I recently stumbled upon a new-to-me pie dough recipe thanks to the talented American baker, Cecilia Tolone, who has made Stockholm her new culinary playground.
Cecilia, who previously worked as head pastry chef at the 3-Michelin-starred restaurant Frantzén, has since embarked on her own culinary adventures, which she chronicles in short vlogs. For one of her latest dinner parties, she made charming Västerbotten cheese quiches, baked in mazarin tartlet pans. The dough? A 3:2:1 pie dough that she calls “a classic ratio that every baker should know”. Of course, I can only agree.
What struck me about this dough is its remarkable simplicity. The 3:2:1 ratio – with three parts flour, two parts fat, and one part water – creates a dough that is easy to work with and makes for a flaky pastry crust. It is also immensely versatile – add a couple of tablespoons of golden caster sugar when making a sweet tart, or maybe some finely chopped herbs and a handful of grated cheese for a quiche.
Oh yes, the possibilities are endless!
Of course, I couldn’t help but draw a comparison with a French classic, and perhaps the very first recipe my grand-mère ever taught me: pâte brisée.
Now, don’t get me wrong, pâte brisée will always have its unreachable first-love status, with its indulgent, buttery flavor and delicate texture. But this 3:2:1 pie dough offers a simplicity that can’t get matched – and no eggs to separate!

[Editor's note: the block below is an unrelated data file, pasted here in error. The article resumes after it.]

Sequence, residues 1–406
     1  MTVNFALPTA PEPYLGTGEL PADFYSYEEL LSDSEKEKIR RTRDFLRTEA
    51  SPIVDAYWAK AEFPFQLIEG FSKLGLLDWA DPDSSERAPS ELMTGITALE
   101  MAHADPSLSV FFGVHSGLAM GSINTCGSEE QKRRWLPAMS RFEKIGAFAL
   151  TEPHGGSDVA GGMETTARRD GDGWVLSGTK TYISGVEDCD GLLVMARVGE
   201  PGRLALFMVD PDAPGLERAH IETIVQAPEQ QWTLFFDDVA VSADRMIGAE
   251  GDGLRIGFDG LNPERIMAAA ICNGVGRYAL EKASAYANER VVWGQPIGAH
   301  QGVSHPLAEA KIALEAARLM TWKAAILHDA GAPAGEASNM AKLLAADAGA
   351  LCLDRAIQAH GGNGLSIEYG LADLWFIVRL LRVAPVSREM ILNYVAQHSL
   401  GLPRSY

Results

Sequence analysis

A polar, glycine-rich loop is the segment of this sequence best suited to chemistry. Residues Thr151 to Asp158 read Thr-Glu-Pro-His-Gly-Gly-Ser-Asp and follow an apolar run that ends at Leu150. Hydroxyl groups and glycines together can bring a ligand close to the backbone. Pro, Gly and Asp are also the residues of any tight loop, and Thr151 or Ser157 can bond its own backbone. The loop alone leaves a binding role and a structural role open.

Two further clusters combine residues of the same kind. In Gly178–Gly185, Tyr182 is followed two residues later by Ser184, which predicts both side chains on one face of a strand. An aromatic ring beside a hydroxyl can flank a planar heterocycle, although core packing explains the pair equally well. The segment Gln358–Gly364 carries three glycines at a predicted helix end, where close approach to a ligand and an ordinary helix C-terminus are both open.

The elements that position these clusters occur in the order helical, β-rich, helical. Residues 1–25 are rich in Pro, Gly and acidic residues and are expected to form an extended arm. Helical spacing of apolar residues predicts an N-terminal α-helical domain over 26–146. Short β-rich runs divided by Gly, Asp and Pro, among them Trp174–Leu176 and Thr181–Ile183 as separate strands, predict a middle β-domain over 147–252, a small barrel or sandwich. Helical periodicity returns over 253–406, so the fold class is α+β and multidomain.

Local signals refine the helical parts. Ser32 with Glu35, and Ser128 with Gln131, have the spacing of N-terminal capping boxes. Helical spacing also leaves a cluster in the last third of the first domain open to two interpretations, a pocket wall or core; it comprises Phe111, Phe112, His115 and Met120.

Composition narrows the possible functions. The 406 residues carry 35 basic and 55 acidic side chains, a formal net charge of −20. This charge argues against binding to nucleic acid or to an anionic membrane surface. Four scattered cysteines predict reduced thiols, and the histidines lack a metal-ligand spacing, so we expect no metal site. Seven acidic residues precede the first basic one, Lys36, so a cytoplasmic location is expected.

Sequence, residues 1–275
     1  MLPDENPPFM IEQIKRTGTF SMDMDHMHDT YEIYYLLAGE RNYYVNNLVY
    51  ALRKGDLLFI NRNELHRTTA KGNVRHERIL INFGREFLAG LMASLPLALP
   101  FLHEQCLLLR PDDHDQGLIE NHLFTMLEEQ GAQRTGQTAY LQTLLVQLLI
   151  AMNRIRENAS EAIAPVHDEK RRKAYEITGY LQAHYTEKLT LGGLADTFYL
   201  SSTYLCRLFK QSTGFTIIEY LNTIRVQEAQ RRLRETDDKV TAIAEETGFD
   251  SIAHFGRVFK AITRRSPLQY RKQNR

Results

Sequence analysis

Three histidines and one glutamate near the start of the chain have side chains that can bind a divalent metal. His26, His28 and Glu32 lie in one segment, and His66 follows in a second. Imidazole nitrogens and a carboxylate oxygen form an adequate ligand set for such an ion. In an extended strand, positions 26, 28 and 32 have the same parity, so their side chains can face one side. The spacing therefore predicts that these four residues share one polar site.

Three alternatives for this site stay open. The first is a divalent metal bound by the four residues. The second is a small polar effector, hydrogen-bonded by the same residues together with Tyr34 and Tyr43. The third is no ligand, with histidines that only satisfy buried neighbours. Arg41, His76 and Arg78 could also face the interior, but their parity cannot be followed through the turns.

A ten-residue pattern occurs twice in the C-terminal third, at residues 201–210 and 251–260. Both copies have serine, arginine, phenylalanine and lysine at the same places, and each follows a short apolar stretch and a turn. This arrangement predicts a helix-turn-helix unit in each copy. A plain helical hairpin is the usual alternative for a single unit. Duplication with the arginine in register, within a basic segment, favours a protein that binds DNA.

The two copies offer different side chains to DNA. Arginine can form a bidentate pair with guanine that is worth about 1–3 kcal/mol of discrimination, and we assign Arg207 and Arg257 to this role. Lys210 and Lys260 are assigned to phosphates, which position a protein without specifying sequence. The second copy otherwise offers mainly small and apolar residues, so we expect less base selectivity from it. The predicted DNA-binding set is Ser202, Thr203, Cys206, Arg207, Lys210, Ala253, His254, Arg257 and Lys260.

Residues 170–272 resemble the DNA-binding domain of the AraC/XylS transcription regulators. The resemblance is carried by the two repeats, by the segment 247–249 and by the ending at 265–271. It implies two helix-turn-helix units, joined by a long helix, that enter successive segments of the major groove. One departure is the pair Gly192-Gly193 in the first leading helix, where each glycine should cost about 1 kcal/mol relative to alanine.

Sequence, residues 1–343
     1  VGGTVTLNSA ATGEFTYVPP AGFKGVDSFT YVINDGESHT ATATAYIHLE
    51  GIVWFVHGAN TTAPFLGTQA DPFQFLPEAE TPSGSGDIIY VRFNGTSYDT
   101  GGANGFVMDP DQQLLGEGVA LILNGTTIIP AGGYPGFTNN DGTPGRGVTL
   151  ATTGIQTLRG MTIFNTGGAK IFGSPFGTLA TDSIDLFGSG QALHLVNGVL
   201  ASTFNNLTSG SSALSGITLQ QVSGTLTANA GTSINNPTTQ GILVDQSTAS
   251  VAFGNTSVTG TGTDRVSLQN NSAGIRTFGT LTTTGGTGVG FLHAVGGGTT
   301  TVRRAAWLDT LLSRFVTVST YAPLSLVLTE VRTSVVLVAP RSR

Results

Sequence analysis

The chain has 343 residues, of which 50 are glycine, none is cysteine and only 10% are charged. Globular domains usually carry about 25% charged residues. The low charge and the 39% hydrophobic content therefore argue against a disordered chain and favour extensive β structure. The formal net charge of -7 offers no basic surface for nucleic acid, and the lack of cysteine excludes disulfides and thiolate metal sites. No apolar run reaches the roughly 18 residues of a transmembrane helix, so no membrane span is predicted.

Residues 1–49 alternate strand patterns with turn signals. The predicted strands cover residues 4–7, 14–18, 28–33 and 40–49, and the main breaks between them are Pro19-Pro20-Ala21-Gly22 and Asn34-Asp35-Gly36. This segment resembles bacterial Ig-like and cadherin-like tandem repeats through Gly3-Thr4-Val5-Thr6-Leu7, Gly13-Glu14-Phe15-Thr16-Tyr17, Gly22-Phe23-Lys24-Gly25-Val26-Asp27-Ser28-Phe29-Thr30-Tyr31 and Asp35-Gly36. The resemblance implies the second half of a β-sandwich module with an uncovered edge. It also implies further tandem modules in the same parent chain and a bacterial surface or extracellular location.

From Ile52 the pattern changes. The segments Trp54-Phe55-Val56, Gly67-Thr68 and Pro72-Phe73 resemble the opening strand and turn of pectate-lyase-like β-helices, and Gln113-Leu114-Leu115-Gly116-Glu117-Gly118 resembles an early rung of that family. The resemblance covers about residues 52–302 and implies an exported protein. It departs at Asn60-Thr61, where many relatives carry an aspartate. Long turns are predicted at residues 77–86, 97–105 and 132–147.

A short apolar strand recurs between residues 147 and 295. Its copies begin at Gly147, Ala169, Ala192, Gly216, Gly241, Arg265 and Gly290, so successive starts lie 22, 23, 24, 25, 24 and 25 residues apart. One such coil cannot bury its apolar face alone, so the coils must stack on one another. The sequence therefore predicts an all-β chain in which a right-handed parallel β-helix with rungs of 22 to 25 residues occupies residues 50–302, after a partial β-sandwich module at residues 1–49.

|Ingredients||Pâte Brisée||3:2:1 Pie Dough|
This pie dough felt slightly flakier compared to pâte brisée. Let’s have a look at a few points:
– fat content: the higher fat content in the 3:2:1 pie dough (67% fat) compared to pâte brisée (50% fat) contributes to a flakier texture. The fat creates pockets of air when it melts during baking, resulting in more layers.
– water content: pâte brisée (25% water+8% egg yolks – for reference, egg yolk contain 45-50% water) has a slightly lower water content than 3:2:1 pie dough (33% water). This could explain why pâte brisée feels shorter and crumblier, as gluten development is reduced.
– mixing technique: the mixing technique used for the 3:2:1 pie dough, which involves letting the butter in larger pieces, is one I will apply to pâte brisée in the future. Often, I will give the dough a single turn – when it isn’t quite a dough yet, more like a lumpy, floury mess -, as I find that it helps the dough come together and creates the flakiest pastry.
3:2:1 pie dough
- 600 g plain flour
- 400 g cold salted butter
- 1/2 tsp sea salt
- 200 g ice-cold water
- butter extra to butter your tart pan
- Start by grating the butter onto a piece of baking paper. it is easier to do so if the butter is really cold. Set aside in the fridge - or better yet, in the freezer - while you get on with the rest.
- In a large bowl, mix the flour and salt together.
- Add the grated butter to the flour mixture, and quickly mix it together using your hands. The mixture should be very coarse.
- Add in the water, and mix until the dough just comes together. It should feel dry and lumpy.
- Form the dough into a ball - sometimes, I will give the dough a single turn before it even comes together, read note above.And wrap in clingfilm. Chill in the fridge for at least one hour, or even better, overnight.
- Once the dough is cold, generously butter your tart/pie pan and set aside. Lightly flour your work bench, and roll the dough out to the desired thickness. Line your prepared pan.
- Chill in the freezer while you pre-heat your oven. This dough bakes beautifully at 200°C/fan 180°C.